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Family Cucurbitaceae
Trichosanthes quinquangulata A. Gray

Wu jiao gua lou

Scientific names Common names
Anguina longiflora (Cogn.) Kabalonga (Tag.)
Anguina quinquangulata (A.Gray) Kuntze Katimbau (Ilk.)
Trichosanthes longiflora Cogn. Kalanum-uak (Bis.)
Trichosanthes quinquangulata A.Gray Kaulalagda (Bag.)
Trichosanthes reineckeana Cogn. Lima (Ig.)
  Patolang-gubat (Tag.)
  Patolasi-gayang (Gad.)
  Tabau-tabau (Ilk., Pang.)
  Tabugok (Tag.)
  Tabuyoc (Tadyawan, Tag.)
  Tambanding (Ig.)
  Tibabayang (Sul)
  Tibubukan-uak (Sul.)
Trichosanthes quinquangulata A. Gray is an accepted name. KEW: Plants of the World Online

Other vernacular names
CHINESE: Wu jiao gua lou, Wu jiao ye gua lou, Lan yu kuo lou (Taiwan).
THAI: Buap liam.

Trichosanthes quinquangulata derives from the Greek words 'trichos' meaning hairy and 'anthos' meaning flowers. Quinquangulata means "five-angled" referring to the 5-pointed lobes of the leaves. (4)

Patolang-gubat is a coarse, smooth vine with angled or grooved stems. Leaves are somewhat rounded in outline, 10 to 20 centimeters long, heart-shaped at the base, 5- or 7-angled or lobed. Male racemes have long peduncles with many flowers, with large bracts, one or two are open at a time. Flowers are white and large. Calyx-lobes are 2 to 2.5 centimeters long and irregularly toothed. Fruit is rounded, 10 centimeters across, smooth, red or crimson.

- Native to the Philippines.
- Found in thickets and old clearings, at low and medium ascending to 1,500 meters, in the Babuyan Islands; in Cagayan, Benguet, Bontoc, Nueva Viscaya, Pangasinan, Zambales, Bulacan, Bataan, Rizal and Laguna Provinces in Luzon; in Masbate, Panay, Mangsi, and in Mindanao.
- Widely distributed from Indo-China throughout Malaysia.
- Also native to Andaman Is., Borneo, Cambodia, China, Java, Laos, Malaya, Myanmar, New Guinea, Samoa, Sumatera, Taiwan, Thailand, Vietnam. (6)

• Seed yields trichosanthin, a ribosome-inhibiting protein and trichomislin, which induces apoptosis. source

• Considered febrifuge.
• Seeds considered abortifacient.

Parts used
Seeds, fruits.

• Mature seeds are finely powdered and cooked with coconut oil and applied externally to itchy skin lesions.
• Powdered seeds mixed with wine and drank for stomach aches.

• The Mangyans of Mindoro squeeze the ripe fruits in water and drunk as tea for fever and malaria. (3)
• Seeds reportedly used as abortifacient.

Trichosanthin / Trichomislin:
Trichosanthin is a ribosome-inactivating protein from the root tuber of Chinese medicinal herb, Trichosanthes kirilowi Maxim. Its various pharmacological attributions included anti-HIV, anti-tumor, and abortifacient properties. Trichomislin has been shown to induce apoptosis. (4) (5) (This study and many others are attributed to T. kirilowi. I have yet to find studies done on T. quinquangulata. G.Stuart)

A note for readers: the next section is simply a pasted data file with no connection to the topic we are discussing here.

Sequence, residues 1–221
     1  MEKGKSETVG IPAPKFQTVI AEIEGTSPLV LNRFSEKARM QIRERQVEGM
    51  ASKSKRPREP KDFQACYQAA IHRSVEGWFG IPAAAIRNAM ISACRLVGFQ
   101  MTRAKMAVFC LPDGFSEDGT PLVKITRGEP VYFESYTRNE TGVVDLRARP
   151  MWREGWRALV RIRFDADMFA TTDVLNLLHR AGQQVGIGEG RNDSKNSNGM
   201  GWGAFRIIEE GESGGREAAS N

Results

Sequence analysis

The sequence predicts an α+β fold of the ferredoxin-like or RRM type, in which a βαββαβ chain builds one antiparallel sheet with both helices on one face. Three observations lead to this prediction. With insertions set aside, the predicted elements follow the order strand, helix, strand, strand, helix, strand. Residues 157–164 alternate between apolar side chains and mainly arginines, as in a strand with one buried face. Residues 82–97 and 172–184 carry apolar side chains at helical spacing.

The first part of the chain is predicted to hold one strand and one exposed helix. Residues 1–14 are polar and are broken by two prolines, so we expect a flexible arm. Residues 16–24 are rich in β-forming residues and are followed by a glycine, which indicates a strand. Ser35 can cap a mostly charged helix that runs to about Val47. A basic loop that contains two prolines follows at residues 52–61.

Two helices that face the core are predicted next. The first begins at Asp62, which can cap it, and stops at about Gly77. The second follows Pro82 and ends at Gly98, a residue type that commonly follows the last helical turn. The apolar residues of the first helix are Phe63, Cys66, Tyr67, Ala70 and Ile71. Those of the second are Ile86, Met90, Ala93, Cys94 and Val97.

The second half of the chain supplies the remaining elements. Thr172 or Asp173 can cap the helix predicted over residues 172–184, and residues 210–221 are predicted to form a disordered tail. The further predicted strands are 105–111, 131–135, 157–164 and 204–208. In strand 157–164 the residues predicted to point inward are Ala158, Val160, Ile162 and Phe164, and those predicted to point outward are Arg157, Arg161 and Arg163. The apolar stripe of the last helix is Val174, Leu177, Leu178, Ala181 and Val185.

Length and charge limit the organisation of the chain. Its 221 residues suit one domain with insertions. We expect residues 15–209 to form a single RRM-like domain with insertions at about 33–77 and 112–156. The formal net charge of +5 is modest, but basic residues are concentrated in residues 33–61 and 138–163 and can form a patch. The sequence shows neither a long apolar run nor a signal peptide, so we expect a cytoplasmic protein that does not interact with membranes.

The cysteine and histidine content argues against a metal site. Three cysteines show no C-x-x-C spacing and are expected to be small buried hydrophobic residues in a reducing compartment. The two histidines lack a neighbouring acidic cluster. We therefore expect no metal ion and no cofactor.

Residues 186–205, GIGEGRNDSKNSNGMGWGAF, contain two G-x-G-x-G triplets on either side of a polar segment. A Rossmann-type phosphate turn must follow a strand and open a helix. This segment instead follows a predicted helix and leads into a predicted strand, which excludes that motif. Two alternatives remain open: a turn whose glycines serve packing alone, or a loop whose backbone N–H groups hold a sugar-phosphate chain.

- Wildcrafted

Updated June 2022 / April 2018 / September 2016

Photos © Godofredo Stuart / StuartXchange

Additional Sources and Suggested Readings
Species Diversity of Trichosanthes in Gunung Halimun National Park / Rugayah /
Edisi Khusus 'B:'odh/ersitas -Tamar: Nasional Gunung Halimun” Berita Biologi, Volume 5, Nomor 6, Desember 2001
Sorting Trichosanthes names / /Maintained by: Michel H. Porcher / MULTILINGUAL MULTISCRIPT PLANT NAME DATABASE / Copyright © 1995 - 2020 / A Work in Progress. School of Agriculture and Food Systems. Faculty of Land & Food Resources. The University of Melbourne. Australia.
Ethnopharmacologic Documentation of Selected Philippine Ethnolinguistic Groups: The Mangyan (Tadyawan) People of Mindoro Island / Prof Rosario R Rubite, Dr Isidro C Sia, Leonardo Co, Larry Ylagan / 2002
Trichosanthes quinquangulata / Cristopher Wiart / Medicinal Plants of the Pacific
Recent advances in trichosanthin, a ribosome-inactivating protein with multiple pharmacological properties. / Shaw PC, Lee KM, Wong KB / Toxicon, 2005 May;45(6):683-9.
Trichosanthes quinquangulata A. Grau / Plants of the World Online
Trichosanthes quinquangulata (Cucurbitaceae) - A new record for India from Andaman Islands
/ L Rasingam / Rheedea, 2012; 22(1): pp 9-10

DOI: It is not uncommon for links on studies/sources to change. Copying and pasting the information on the search window or using the DOI (if available) will often redirect to the new link page. (Citing and Using a (DOI) Digital Object Identifier)

                                                            List of Understudied Philippine Medicinal Plants

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